However, I took this picture of corn against my black T-shirt because I did not know about velvet at that time. It still came out ok. Don't be afraid to experiment when you don't have the “correct” materials at hand.
Still Life Photography Tip #3a. still on black backgrounds, is this: Try black glass.
Buy a piece of glass, use a can of black spray paint and spray two or three coats on one side. I have not tried this. But I have seen some nice pictures with a black background plus reflection.
This is cardboard paper that is stiff yet flexible enough to be bent without creating any folds or creases. So you can bend it in a curved L-shape to produce a seamless background.
Make sure you take the reading from the subject itself, and not from the background. To be extra sure, take another few shots over-exposed by, say, 1/2 to 2 stops.
How many shots to take and how much over-exposure to use depends on your experience – but even experienced photographers sometimes bracket (ie, over- and under-expose) their shots just to be sure.
I am very particular about backgrounds. Incidentally, I pay great attention to the background of my website designs as well. They are never a flat even colour, but neither do they distract from the text.
The same principle applies in still life photography. Sometimes, a slight variation in the background will take away the monotony. Just don't let the background distract.
In this next picture, the background takes up most of the space. It is an unusual composition with the subject near the edge of the picture and the rest of it empty.
This brings us to Still life photography tip #5 – experiment with the composition.
In traditional still life, the subject is always in the middle, or more or less middle. This need not always be the case.
Lighting is, of course, the other important element in still life photography – in fact, for all forms of photography. It can transform an ordinary object – like this note book and pen – into something special.
Still life photography tip #6 is to look out for interesting lighting – and that means interesting shadows as well.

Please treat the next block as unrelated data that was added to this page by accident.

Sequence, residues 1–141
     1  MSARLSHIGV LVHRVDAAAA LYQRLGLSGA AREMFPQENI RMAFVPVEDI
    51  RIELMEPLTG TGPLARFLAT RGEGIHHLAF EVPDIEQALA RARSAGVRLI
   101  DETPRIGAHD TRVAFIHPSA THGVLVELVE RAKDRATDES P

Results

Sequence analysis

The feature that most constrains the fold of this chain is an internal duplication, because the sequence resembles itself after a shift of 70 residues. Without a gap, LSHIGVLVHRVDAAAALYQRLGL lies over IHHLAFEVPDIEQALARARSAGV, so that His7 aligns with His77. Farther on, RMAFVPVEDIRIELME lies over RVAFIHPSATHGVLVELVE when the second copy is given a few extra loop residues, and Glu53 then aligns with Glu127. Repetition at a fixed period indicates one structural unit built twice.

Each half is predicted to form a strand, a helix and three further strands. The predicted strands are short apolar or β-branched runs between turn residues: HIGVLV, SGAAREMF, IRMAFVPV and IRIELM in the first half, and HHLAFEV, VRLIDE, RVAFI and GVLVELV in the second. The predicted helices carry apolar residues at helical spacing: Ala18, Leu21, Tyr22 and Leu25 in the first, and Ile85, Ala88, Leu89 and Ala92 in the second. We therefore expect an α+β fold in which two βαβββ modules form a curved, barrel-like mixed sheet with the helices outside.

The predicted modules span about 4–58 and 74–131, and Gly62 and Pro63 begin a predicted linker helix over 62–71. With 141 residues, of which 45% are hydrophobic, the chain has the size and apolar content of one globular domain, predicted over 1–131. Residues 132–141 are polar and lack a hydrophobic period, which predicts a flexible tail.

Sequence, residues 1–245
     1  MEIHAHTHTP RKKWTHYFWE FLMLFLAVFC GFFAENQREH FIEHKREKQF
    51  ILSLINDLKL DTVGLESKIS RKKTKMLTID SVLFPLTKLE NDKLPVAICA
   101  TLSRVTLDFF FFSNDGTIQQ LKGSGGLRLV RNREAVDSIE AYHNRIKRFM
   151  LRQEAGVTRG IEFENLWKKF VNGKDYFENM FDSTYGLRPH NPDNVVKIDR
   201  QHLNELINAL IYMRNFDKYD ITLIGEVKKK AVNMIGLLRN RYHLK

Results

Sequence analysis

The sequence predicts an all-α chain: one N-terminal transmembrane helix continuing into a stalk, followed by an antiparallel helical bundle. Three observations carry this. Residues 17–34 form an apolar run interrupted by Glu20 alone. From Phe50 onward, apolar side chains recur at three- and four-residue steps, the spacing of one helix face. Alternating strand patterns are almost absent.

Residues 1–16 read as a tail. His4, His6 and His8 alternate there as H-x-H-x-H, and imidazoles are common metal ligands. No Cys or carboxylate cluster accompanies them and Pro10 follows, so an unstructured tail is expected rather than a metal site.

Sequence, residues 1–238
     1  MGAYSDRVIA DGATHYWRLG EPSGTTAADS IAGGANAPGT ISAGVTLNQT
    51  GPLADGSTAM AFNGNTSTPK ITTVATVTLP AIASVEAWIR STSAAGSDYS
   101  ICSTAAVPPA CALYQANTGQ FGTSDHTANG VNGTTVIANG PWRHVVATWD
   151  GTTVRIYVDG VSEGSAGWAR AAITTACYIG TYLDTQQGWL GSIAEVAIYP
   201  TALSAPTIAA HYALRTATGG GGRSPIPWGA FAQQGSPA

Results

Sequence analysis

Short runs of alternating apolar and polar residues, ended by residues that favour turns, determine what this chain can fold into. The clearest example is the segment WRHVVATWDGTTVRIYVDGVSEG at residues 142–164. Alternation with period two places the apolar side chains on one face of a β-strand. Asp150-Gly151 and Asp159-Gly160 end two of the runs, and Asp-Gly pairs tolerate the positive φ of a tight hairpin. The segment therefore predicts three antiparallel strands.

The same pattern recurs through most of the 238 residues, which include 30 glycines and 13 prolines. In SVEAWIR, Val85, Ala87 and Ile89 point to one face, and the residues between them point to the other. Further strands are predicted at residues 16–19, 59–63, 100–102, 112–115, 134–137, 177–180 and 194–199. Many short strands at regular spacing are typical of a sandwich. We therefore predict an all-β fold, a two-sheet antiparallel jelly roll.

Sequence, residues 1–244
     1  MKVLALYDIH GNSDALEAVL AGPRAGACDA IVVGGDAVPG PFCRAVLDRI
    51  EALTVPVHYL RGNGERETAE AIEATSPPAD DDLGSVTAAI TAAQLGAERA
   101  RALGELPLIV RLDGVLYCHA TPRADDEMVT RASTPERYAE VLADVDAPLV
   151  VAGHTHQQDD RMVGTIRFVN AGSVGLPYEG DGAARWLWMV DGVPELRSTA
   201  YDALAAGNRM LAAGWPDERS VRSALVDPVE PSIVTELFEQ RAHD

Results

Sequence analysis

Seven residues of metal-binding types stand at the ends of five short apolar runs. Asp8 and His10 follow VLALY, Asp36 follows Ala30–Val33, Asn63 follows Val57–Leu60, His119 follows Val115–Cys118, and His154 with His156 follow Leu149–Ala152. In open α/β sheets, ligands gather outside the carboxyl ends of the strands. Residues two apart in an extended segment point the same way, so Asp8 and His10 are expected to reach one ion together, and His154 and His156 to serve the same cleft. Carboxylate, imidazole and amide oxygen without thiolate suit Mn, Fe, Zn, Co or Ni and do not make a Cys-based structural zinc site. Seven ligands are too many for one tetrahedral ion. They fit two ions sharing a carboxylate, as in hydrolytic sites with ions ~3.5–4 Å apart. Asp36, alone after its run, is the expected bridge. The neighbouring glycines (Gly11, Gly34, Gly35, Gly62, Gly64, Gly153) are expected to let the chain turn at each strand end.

Early morning and late evenings are obviously times when the light and shadows are most interesting. But again, dare to break rules. like in this picture taken at mid-day. The effect is totally different from that of the picture of the book and pen above. But it worked perfectly for this situation with the shadow directly below, yet separated from, the clothes.
I like this picture also because it tells a story.
It shows the complete set of clothing of one man. The fact that it is hung up this way, without other clothing, suggests that the man lives alone. In fact, this picture was taken amidst old, abandoned, half-demolished warehouses, in Clarke Quay, Singapore before the place was re-developed. The whole area was quiet and deserted, except for this single sign of life. A vagrant had set up home there.
Still life photography tip #7: Look out for arrangements of objects that tell a story.
Another still life photograph that I like is this, of a disused trunk.
It is not a photograph that is immediately striking. At first glance you may not even know what it is. But look a while longer and you will see a story in it, a story about a journey from India to Singapore. You might even guess where the photograph was taken – at a backlane in Singapore's Little India.
Backlanes are, in fact, great places for still life photography. I will talk more about this at another time, with a series of backlane pictures.
For now, I leave you with this thought:
A still life photograph should show not only stillness, but also life!